Wednesday, August 06, 2008

Hiroshima Day

At least one of my uncles lived to a ripe old age 'cos Truman dropped The Bomb. Were the effects horrific? Yes; and so was Dresden. And that's why diplomats everywhere need to keep their well-clad rumps busy. And maybe play more poker in their off time.


Anonymous said...

My Uncle Bob, Uncle Jack (for whom I'm named), Uncle Jim and Father-in-law Joe lived to ripe old ages thanks to the crew of the Enola Gay and BocksCar. Between them all they had 6 children and 4 grand-children (so far). Here's to Harry S Truman and the B-29 crews.

Turk Turon said...

Folks never seem to ponder that somebody was going to invent the atomic bomb, and if the Japanese had invented it first, what do you think they would have done with it?

The Germans are lucky that they surrendered in May, because if they had hung on 'til August, we would have saved one for Berlin. If for no other reason than to awe the Soviets.

I've got precious little sympathy for Hiroshima and Nagasaki, after reading about the Dark Ages atrocities that the Japanese perpetrated in Nanking. And elsewhere in Asia.

Aw, there you go, ya got me started again!

Drang said...

Darn living on the Left Coast, by the time I finally get time to post these, someone else has done it! (Forgot about the writing in advance and setting the time...)

Anyway. Hiroshima and Nagasaki, and Dresden and Casino, were all horrific, but did they compare with, say, Nanking? Warsaw? Not to mention Treblinka, Dachau, etc.

Yes, Paul Fussel (a Hoosier, BTW! Claims he cries when they play Indiana's state song at the Indy 500!) had it right when he titled his essay "Thank God For The Atom Bomb." (He was an infantry lieutenant, just rotated from Germany and scheduled for the first wave of Coronet-Olympic...)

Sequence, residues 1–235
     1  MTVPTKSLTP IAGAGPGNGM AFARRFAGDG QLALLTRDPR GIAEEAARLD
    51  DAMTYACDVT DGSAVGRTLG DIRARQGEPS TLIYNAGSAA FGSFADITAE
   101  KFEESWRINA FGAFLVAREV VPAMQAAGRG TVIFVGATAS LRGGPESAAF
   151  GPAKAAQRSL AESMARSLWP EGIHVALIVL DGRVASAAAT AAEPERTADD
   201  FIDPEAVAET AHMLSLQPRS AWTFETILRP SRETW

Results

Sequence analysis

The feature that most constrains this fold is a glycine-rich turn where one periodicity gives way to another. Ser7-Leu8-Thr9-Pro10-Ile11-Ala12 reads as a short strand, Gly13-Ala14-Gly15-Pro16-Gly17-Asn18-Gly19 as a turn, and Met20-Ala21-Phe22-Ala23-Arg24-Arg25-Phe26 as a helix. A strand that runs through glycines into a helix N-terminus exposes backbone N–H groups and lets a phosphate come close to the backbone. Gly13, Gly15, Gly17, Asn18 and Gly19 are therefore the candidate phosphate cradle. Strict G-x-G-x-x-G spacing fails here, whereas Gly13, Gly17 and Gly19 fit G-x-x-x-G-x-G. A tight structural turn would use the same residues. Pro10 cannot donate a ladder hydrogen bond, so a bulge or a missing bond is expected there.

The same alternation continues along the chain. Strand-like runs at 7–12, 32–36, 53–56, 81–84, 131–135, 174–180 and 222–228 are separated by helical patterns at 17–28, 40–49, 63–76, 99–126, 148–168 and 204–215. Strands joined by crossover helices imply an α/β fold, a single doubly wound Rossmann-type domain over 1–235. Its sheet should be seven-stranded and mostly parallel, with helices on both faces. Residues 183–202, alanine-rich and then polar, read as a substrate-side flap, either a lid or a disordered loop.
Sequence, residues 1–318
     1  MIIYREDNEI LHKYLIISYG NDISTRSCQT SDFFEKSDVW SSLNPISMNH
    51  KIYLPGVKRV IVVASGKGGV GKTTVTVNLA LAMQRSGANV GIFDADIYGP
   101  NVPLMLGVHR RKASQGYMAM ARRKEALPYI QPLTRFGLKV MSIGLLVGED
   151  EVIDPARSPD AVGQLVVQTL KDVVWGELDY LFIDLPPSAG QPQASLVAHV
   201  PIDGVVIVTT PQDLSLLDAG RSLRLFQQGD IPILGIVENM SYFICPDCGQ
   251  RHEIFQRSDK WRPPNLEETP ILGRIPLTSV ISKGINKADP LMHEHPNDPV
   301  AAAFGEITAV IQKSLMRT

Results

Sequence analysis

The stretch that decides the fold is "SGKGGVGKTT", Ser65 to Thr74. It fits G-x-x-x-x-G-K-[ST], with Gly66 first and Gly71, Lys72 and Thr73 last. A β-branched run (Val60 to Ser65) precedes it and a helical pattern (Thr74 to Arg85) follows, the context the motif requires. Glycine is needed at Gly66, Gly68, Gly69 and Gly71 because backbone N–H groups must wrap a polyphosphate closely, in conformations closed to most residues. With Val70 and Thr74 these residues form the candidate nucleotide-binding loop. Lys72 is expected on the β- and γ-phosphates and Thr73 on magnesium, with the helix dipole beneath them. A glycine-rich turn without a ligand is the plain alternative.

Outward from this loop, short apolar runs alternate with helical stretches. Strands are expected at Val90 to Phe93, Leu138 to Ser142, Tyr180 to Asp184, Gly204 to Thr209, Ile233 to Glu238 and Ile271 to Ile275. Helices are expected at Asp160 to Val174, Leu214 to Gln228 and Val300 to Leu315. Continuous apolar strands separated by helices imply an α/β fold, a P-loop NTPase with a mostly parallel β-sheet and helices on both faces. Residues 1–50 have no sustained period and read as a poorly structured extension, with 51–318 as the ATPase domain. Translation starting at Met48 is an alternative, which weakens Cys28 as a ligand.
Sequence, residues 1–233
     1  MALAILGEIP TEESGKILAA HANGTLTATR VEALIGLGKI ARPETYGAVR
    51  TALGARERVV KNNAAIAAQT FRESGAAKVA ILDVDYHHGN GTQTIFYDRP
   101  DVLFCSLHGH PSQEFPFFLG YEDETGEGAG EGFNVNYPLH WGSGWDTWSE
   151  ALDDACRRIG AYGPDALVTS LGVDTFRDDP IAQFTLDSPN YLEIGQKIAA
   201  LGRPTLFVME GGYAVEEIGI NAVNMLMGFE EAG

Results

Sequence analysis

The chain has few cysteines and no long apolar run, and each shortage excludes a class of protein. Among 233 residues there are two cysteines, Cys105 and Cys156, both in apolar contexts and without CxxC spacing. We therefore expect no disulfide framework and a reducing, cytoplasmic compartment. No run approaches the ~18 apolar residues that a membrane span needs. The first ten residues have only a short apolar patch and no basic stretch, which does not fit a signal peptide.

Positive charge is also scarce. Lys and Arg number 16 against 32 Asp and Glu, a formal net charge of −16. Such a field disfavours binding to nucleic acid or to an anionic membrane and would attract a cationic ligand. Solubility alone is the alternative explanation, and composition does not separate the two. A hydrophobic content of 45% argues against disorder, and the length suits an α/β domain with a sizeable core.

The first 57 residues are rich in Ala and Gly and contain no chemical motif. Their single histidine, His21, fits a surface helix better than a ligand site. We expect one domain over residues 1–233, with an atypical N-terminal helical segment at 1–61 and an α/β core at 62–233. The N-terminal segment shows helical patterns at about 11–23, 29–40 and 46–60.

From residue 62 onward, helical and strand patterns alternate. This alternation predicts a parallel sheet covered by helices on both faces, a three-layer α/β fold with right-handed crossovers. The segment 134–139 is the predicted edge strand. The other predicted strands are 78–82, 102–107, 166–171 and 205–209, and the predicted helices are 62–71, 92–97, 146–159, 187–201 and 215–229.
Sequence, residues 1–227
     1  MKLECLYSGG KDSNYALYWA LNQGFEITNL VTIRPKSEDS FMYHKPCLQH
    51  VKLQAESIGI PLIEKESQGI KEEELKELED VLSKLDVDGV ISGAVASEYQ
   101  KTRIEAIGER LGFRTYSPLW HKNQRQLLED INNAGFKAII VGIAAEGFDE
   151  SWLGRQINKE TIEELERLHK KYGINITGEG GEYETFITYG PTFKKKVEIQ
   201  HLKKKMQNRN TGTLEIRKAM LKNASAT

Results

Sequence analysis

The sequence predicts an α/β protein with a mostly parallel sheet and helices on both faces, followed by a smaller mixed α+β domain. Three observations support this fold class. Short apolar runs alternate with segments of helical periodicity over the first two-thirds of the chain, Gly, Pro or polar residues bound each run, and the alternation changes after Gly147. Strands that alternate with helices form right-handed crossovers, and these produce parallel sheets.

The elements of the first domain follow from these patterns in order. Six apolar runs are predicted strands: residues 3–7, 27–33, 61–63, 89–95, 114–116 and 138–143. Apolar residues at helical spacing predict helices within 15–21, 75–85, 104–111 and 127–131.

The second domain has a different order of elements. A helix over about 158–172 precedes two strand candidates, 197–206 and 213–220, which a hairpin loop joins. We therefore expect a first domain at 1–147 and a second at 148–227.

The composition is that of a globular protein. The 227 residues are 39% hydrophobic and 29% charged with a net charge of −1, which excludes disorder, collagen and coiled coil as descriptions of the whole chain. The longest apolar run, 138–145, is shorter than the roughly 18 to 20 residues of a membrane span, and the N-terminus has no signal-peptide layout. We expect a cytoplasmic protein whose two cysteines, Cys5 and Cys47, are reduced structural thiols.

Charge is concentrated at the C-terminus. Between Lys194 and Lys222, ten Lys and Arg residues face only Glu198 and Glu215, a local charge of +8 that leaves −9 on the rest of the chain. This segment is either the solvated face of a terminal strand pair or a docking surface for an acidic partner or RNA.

Also, the Japanese were, in fact, working on not one, but two bombs--the Imperial Navy had their program, and the Army had theirs.

LabRat said...

I like to think of the Manhattan Project as an interesting historical exercise in the sheer degree of what a terrible idea it is for a nation to persecute Jews and intellectuals in general.

They might go over to one of your biggest rivals and help them cook up several megatons of revenge. Blonde, brawny, and brainless doesn't look like such a superman NOW, eh?

(Yes, we dropped the bomb on the Japanese and not the Germans, but Germany had its own ambitions in that department... that they might have fulfilled if they had Einstein and Fermi on their side.)

Anonymous said...

People who, today, lament the dropping of the atom bombs often forget the horrific casualty figures that were estimated by the Allies. I (think) the casualties for the allies were estimated at about one million, and Japanese casualties were estimated at about five million.
Recall, if you will, that in the invasions of Iwo Jima and Okinawa (sp) very few Japanese were captured.

staghounds said...

Not nearly enough politicians, diplomats, Admirals, and Generals get killed in wars.

Anonymous said...

Amen, brother, amen.

Anonymous said...

Bock's Car is hangared at the USAF Museum at Wright-Patterson AFB; I'd highly recommend it, especially as it is all of a day trip. It was pretty wild just being there, in relative peace and quiet compared to seeing Enola Gay at the NASM with so many people and so much noise.

I had a chance to visit the Trinity site, too; I might have been the only one in our group who knew the background in detail, but the modest dose of ionizing radiation absorbed was well, well worth it.